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Tissue Antigens. 2012 Feb;79(2):104-13. doi: 10.1111/j.1399-0039.2011.01818.x.

Killer-cell immunoglobulin-like receptors and malaria caused by Plasmodium falciparum in The Gambia.

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  • 1Medical Research Council Laboratories, Fajara, Banjul, The Gambia.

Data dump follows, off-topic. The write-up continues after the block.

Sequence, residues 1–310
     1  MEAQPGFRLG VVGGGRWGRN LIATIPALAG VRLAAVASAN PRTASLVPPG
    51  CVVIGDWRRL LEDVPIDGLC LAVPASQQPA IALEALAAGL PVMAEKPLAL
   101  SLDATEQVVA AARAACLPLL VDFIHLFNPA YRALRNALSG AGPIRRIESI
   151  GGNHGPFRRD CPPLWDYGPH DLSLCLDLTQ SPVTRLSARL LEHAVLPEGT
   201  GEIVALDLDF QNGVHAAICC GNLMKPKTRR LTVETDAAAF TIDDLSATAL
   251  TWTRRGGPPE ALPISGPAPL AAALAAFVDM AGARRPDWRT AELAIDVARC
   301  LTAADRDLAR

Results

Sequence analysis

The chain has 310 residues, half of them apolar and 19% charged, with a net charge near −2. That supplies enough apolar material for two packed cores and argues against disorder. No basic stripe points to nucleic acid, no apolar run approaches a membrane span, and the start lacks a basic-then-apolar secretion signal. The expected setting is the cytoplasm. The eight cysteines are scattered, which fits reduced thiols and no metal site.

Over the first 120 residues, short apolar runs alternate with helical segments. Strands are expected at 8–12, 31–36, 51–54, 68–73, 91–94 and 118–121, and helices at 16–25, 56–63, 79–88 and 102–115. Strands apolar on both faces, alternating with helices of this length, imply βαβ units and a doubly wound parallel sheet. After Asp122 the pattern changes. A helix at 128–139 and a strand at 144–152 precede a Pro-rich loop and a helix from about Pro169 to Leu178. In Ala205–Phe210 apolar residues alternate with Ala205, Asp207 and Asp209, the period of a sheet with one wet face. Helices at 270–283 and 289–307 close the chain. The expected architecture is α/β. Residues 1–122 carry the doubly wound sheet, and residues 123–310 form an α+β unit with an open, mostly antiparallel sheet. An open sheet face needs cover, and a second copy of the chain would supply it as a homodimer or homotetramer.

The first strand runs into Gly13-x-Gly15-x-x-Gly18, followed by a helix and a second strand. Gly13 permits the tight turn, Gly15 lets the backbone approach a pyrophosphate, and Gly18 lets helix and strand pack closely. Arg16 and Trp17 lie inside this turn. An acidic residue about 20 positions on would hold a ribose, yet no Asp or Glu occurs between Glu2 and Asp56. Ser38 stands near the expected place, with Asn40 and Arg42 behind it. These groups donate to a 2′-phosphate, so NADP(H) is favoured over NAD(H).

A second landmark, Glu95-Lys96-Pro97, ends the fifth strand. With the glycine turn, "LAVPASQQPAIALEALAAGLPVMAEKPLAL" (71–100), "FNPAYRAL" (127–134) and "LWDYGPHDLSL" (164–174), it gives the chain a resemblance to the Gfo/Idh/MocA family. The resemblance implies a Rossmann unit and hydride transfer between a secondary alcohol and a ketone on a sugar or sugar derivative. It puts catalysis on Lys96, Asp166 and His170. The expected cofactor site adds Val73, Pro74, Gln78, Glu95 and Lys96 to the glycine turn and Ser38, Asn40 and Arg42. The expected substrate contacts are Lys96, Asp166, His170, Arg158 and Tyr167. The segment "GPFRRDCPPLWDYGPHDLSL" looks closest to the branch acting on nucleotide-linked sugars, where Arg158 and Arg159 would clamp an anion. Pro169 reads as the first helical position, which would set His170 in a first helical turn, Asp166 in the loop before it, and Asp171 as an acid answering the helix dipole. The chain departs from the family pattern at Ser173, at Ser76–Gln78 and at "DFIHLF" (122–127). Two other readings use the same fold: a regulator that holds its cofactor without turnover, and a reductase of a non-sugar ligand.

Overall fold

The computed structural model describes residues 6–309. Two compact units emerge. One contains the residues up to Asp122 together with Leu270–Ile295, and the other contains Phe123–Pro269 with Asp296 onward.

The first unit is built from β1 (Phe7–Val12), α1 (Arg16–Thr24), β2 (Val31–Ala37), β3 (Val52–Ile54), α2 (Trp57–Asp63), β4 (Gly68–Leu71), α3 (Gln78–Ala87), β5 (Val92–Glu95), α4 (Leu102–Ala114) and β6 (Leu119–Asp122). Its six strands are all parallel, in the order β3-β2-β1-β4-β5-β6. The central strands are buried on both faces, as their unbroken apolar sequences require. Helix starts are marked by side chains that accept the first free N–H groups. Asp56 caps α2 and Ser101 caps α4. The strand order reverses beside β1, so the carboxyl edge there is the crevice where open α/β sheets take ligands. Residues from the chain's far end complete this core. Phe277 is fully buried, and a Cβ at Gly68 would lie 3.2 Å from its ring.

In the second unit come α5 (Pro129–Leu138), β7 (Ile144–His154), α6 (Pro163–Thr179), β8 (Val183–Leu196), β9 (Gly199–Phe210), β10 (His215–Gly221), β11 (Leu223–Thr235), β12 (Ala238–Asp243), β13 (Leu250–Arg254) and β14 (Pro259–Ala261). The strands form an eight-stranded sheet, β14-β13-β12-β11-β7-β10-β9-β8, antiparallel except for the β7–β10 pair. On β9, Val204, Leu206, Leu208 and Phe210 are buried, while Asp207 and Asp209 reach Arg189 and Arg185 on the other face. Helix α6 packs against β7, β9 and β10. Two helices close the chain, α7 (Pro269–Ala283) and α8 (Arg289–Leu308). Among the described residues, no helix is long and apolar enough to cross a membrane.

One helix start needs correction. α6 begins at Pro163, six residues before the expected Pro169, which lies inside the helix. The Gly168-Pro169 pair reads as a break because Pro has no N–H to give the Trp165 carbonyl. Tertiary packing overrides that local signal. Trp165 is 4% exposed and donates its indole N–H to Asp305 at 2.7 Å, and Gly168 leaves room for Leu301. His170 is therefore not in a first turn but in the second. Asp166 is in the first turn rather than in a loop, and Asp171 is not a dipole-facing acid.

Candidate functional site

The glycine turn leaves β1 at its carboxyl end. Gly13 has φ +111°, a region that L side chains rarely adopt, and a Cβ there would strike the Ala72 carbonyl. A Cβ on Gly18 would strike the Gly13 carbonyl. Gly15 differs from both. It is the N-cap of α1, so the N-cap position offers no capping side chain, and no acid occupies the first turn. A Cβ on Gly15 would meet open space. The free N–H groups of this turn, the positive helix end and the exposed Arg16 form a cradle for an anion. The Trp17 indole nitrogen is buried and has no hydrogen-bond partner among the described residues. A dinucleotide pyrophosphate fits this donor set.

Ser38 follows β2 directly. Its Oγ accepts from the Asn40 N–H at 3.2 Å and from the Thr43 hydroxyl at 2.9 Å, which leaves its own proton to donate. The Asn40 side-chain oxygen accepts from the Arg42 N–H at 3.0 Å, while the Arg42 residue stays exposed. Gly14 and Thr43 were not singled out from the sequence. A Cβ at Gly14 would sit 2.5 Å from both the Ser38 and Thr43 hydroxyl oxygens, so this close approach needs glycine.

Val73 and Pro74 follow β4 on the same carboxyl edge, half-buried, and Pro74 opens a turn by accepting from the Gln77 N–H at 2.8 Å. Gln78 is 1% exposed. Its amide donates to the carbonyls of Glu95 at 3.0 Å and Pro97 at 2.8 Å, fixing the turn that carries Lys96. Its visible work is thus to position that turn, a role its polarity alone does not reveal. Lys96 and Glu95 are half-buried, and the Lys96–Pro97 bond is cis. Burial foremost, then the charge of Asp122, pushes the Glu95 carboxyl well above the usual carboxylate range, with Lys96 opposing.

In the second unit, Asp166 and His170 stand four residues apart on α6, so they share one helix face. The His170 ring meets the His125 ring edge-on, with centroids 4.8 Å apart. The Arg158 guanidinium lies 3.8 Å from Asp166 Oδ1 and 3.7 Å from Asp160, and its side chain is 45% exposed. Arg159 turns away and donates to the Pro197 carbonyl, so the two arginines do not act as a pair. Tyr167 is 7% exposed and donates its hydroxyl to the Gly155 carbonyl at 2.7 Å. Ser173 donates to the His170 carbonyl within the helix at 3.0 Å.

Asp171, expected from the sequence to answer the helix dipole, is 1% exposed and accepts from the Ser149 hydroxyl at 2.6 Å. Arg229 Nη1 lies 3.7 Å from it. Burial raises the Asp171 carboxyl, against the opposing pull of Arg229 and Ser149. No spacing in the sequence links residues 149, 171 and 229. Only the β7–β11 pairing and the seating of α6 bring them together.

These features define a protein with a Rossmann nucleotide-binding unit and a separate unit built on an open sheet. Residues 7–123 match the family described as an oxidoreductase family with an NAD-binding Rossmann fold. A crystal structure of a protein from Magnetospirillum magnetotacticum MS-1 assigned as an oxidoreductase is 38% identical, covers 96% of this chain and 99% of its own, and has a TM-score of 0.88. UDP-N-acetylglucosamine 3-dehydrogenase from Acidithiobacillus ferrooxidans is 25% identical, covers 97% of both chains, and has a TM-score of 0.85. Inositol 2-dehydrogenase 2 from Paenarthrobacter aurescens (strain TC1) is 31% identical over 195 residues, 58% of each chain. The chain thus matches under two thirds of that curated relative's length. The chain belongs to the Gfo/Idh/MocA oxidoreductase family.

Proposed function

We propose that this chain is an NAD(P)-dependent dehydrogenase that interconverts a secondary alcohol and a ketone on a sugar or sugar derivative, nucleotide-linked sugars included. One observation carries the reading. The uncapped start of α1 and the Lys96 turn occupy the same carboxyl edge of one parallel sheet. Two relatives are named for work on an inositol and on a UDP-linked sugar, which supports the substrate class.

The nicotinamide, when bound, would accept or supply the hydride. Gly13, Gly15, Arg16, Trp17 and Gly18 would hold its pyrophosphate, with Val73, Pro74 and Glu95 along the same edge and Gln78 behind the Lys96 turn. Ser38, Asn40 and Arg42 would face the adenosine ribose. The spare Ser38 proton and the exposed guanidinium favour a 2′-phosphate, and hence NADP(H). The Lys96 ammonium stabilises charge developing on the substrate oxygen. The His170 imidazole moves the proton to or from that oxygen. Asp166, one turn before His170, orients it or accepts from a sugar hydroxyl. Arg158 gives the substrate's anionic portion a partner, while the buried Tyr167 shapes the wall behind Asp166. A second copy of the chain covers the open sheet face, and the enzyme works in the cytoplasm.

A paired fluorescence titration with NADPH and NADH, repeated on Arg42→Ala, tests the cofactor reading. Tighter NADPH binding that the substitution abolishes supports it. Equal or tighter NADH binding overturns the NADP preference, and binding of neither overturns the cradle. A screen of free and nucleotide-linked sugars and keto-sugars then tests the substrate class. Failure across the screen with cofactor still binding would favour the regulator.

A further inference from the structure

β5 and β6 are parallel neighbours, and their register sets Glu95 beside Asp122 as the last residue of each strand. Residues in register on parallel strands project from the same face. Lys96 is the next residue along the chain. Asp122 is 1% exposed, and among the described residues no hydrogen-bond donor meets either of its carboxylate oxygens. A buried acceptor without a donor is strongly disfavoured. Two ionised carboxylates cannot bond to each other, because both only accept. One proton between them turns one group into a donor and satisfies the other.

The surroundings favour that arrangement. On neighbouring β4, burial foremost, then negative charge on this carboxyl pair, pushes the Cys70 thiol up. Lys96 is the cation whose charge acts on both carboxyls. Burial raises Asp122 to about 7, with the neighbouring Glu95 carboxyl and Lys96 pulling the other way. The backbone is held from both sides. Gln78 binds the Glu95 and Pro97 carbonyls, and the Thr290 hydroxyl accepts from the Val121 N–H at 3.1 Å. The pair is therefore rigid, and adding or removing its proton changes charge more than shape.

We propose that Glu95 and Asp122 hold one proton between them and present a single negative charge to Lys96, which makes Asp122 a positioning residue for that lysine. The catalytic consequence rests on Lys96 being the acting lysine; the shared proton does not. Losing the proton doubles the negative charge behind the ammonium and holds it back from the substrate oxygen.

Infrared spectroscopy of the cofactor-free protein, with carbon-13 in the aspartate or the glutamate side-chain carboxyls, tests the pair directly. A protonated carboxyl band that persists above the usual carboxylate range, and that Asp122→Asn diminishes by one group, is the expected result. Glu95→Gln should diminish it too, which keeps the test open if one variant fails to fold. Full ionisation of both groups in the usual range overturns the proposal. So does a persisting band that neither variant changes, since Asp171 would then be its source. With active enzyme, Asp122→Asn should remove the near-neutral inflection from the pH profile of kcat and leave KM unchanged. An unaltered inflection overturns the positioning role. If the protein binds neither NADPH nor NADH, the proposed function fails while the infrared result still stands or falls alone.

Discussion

The relevance of innate immune responses to Plasmodium falciparum infection, in particular the central role of natural killer (NK) cell-derived interferon gamma (IFN-γ), is becoming increasingly recognised. Recently, it has been shown that IFN-γ production in response to P. falciparum antigens is in part regulated by killer-cell immunoglobulin-like receptor (KIR) genes, and a study from malaria-exposed Melanesians suggested an association between KIR genotypes and susceptibility to infection. This prompted us to determine and compare the frequencies of 15 KIR genes in Gambian children presenting with either severe malaria (n = 133) or uncomplicated malaria (n = 188) and in cord-blood population control samples (n = 314) collected from the same area. While no significant differences were observed between severe and uncomplicated cases, proportions of individuals with KIR2DS2+C1 and KIR2DL2+C1 were significantly higher among malaria cases overall than in population control samples. In an exploratory analysis, activating KIR genes KIR2DS2, KIR3DS1 and KIR2DS5 were slightly higher in children in disease subgroups associated with the highest mortality. In addition, our data suggest that homozygosity for KIR genotype A might be associated with different malaria outcomes including protection from infection and higher blood parasitaemia levels in those that do get infected. These findings are consistent with a probable role of KIR genes in determining susceptibility to malaria, and further studies are warranted in different populations.

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